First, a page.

As we’ve reported previously, large forces and competing interests are struggling to define the future of the South Bronx. Some of the battleground issues include housing, commercial development, availability of workspaces, gentrification, the establishment and growth of local services, and the nurturing of a burgeoning arts scene.
In order to bring a local perspective to these concerns, we canvassed longtime residents and organizations in the neighborhood, asking: What is your ideal vision of the future of the South Bronx? Below are their responses. (Despite repeated attempts, we did not receive comments from the office of the Bronx Borough President, Rubén Díaz, Jr., or the office of Melissa Mark-Viverito, the City Council member for the 8th District, which includes the South Bronx.)
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Lisa Ortega, a member of the community group #TheBronxIsNotForSale who has lived in the Bronx for 22 years: “My ideal vision of the Bronx is a non-corporate, non-politican, non–police run borough. A Bronx that is completely community led. I also think that a one- or two-sentence response to this question is part of the reason the Bronx is up in arms regarding the violent urban displacement happening across the city: Things are pushed upon us and then we’re asked for a meek response to it, and anything more from us is viewed as hostile.”
Darío Calmese, an artist who has had a studio in the South Bronx for the past two years: “This question is loaded, because despite my desire for an idealized world, I’m too aware of the realities of living in New York, and I am quite certain that the future of the South Bronx is already spoken for, by the same ilk of visionaries who had the grand foresight to tear down the old Penn Station in favor of the architectural albatross that is now Madison Square Garden — but I digress. My ideal vision for the South Bronx is for [it to welcome] a diverse enclave of creatives and talented individuals who actually nurture and enrich the surrounding community, instead of just enriching the powers that have always been.”
Charles Said, owner of Charlie’s Bar & Kitchen, which has been in the Bronx since 2012: “A vibrant and cultured community with less industry and more parks and residential buildings that cater to all, with a wide selection of restaurants and amenities for the locals. Plus, we have a wonderful waterway with no real access to it.”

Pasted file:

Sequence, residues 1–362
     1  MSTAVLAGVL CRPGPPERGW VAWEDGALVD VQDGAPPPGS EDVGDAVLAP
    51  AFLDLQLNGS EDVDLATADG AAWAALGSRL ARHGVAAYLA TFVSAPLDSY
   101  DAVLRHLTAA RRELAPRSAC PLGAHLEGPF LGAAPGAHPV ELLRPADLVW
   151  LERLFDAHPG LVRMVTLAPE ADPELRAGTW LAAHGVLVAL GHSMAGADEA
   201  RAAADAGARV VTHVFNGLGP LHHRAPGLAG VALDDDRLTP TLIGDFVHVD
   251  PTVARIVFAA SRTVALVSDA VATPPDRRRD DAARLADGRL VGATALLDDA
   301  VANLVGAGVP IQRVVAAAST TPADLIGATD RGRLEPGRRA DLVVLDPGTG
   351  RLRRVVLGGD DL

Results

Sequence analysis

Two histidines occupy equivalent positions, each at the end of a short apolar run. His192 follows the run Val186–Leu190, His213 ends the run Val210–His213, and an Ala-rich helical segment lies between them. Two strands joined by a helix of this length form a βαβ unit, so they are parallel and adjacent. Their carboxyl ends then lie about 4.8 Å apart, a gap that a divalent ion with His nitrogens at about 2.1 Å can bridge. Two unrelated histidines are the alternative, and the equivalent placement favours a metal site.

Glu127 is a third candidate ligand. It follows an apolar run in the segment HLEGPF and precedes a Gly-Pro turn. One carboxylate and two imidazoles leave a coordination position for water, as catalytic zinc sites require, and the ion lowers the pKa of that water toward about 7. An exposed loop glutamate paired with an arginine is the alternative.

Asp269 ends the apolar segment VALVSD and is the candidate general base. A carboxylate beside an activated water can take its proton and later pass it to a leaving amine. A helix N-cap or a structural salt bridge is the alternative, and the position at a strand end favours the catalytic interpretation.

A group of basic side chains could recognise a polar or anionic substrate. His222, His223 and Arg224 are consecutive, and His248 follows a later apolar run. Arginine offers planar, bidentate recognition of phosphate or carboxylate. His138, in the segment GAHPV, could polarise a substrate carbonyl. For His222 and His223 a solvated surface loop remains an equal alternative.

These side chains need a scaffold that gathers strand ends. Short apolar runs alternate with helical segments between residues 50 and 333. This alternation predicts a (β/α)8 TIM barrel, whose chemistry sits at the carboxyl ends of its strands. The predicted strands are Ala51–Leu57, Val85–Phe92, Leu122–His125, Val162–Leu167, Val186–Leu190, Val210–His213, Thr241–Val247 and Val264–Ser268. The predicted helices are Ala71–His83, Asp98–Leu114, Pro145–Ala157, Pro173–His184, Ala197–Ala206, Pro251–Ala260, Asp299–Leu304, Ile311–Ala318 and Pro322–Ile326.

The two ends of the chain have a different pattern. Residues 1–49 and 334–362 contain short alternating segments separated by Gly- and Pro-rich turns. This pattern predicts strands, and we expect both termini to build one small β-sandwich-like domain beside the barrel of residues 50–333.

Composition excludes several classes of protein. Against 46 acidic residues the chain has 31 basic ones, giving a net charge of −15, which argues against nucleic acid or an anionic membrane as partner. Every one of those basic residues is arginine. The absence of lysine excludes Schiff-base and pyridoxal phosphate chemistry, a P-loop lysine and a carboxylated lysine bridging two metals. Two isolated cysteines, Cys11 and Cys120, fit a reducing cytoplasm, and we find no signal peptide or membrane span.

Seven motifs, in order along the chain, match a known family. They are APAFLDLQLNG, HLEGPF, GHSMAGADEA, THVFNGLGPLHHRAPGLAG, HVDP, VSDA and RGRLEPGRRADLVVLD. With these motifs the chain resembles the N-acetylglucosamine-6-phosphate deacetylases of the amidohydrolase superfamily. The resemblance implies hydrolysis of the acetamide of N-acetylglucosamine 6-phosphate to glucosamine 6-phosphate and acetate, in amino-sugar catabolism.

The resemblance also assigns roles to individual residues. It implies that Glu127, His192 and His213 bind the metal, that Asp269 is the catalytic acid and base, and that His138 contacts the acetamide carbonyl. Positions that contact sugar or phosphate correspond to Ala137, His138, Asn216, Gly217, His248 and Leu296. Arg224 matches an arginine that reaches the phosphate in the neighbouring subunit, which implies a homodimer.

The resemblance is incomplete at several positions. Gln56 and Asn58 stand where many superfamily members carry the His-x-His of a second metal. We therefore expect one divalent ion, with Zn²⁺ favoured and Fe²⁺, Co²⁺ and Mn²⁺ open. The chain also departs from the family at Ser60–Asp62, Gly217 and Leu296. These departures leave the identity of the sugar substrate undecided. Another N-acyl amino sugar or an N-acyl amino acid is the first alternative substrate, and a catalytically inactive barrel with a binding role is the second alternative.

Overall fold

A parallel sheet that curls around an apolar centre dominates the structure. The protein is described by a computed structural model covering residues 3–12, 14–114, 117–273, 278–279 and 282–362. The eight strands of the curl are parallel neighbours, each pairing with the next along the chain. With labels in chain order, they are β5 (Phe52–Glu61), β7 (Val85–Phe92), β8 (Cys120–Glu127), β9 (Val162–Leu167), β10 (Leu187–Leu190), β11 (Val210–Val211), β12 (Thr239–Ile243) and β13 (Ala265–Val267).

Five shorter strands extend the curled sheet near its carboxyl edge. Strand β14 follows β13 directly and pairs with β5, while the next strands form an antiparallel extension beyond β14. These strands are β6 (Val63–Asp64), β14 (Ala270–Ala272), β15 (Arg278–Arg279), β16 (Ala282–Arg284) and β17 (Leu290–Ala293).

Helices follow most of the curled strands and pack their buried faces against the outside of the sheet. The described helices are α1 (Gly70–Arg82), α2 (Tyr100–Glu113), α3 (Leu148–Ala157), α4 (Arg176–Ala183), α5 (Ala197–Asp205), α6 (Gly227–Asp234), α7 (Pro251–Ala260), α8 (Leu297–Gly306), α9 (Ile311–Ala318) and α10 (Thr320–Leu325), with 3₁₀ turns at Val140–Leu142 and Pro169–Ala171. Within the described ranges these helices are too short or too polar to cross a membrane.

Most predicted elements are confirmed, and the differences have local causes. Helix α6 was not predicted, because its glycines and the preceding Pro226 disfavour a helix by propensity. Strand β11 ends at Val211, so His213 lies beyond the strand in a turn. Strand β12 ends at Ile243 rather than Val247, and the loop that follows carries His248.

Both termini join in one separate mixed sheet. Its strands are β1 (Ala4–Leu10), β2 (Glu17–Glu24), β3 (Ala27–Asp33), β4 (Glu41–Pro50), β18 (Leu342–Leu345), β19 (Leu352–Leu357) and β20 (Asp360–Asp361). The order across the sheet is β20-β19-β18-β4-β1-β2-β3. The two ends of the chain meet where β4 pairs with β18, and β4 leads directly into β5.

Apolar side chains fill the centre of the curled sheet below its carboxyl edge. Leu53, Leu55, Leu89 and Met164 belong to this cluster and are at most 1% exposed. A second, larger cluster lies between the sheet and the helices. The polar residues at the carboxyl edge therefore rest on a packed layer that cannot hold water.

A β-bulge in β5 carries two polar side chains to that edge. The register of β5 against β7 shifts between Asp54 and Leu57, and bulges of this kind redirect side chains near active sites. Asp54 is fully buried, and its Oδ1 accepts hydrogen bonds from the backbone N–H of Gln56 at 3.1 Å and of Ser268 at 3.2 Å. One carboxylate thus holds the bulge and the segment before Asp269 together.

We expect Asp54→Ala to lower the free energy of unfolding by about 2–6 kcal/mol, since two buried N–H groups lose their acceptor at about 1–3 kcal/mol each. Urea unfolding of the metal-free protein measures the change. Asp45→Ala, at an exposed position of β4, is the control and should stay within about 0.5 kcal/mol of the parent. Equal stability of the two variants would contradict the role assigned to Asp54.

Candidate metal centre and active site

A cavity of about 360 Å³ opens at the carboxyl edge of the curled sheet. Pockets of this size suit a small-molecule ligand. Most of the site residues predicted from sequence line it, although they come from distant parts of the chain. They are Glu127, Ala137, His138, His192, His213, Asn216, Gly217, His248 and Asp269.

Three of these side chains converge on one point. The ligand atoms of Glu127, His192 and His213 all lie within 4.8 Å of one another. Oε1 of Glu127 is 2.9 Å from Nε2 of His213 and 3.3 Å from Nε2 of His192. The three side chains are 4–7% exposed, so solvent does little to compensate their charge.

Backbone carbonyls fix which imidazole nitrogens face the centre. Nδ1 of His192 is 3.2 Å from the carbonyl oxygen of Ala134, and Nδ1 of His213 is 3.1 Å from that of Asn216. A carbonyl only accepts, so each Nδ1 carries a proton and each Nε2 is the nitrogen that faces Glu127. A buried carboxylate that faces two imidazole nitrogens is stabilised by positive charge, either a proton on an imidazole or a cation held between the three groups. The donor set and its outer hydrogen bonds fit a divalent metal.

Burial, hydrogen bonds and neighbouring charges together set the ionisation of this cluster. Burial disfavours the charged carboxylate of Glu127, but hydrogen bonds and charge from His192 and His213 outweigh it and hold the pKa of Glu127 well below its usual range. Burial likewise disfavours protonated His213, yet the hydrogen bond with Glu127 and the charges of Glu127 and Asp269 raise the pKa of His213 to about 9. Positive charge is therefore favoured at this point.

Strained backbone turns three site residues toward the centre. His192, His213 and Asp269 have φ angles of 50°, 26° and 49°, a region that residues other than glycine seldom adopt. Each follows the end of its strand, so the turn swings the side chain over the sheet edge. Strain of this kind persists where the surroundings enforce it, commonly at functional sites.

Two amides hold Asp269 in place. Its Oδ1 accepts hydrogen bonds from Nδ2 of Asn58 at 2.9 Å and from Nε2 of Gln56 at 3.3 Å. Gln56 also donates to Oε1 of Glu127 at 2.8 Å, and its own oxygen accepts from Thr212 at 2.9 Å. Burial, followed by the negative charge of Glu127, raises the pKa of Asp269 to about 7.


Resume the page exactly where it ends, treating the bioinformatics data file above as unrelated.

Christine Licata, director of performing and visual arts at Casita Maria Center for Arts and Education, which has been in the South Bronx since 1961: “For the past 80 years, Casita has worked toward our ideal vision of the South Bronx every day: to continue to foster and support our youth and families in building a vibrant, strong, sustainable, and equitable community that actively builds upon the neighborhood’s diverse cultural legacy and history.”
Anna Matos, director of Wallworks, a gallery that opened in the South Bronx in 2014: “My ideal vision for the future of the South Bronx is one where those who are already here will be able to reap the benefits of the industry coming into their neighborhood instead of being forced out due to pricing. They have been the ones who have put in the time in this area, and no one more deserves the benefits of new money coming in than they do.”
Evelyn Hey, principal of South Bronx Charter School for International Cultures and the Arts, which has been in the Bronx for 10 years: “I welcome the renewal of the South Bronx. I see the change bringing opportunities for families, increased housing, entrepreneurial ventures, job opportunities, and leisure activities, many of which are presently lacking. Even more than that, it will cast a new light on the name South Bronx, which to many people conjures up a dangerous place. What is happening here is bringing on a whole new feeling to our area and neighborhood, and all that makes it familiar and vibrant!”
Mychal Johnson, co-founder of South Bronx Unite, a group that has been actively organizing for four years: “Our ideal vision for the future of the South Bronx is economic upliftment, an end to environmental degradation, and quality-of-life enhancement without displacement. We envision a community deeply rooted in a respected cultural heritage that ensures community members who have suffered through decades of government neglect and bank redlining are not pushed out by people who now recognize the value in the neighborhood.”
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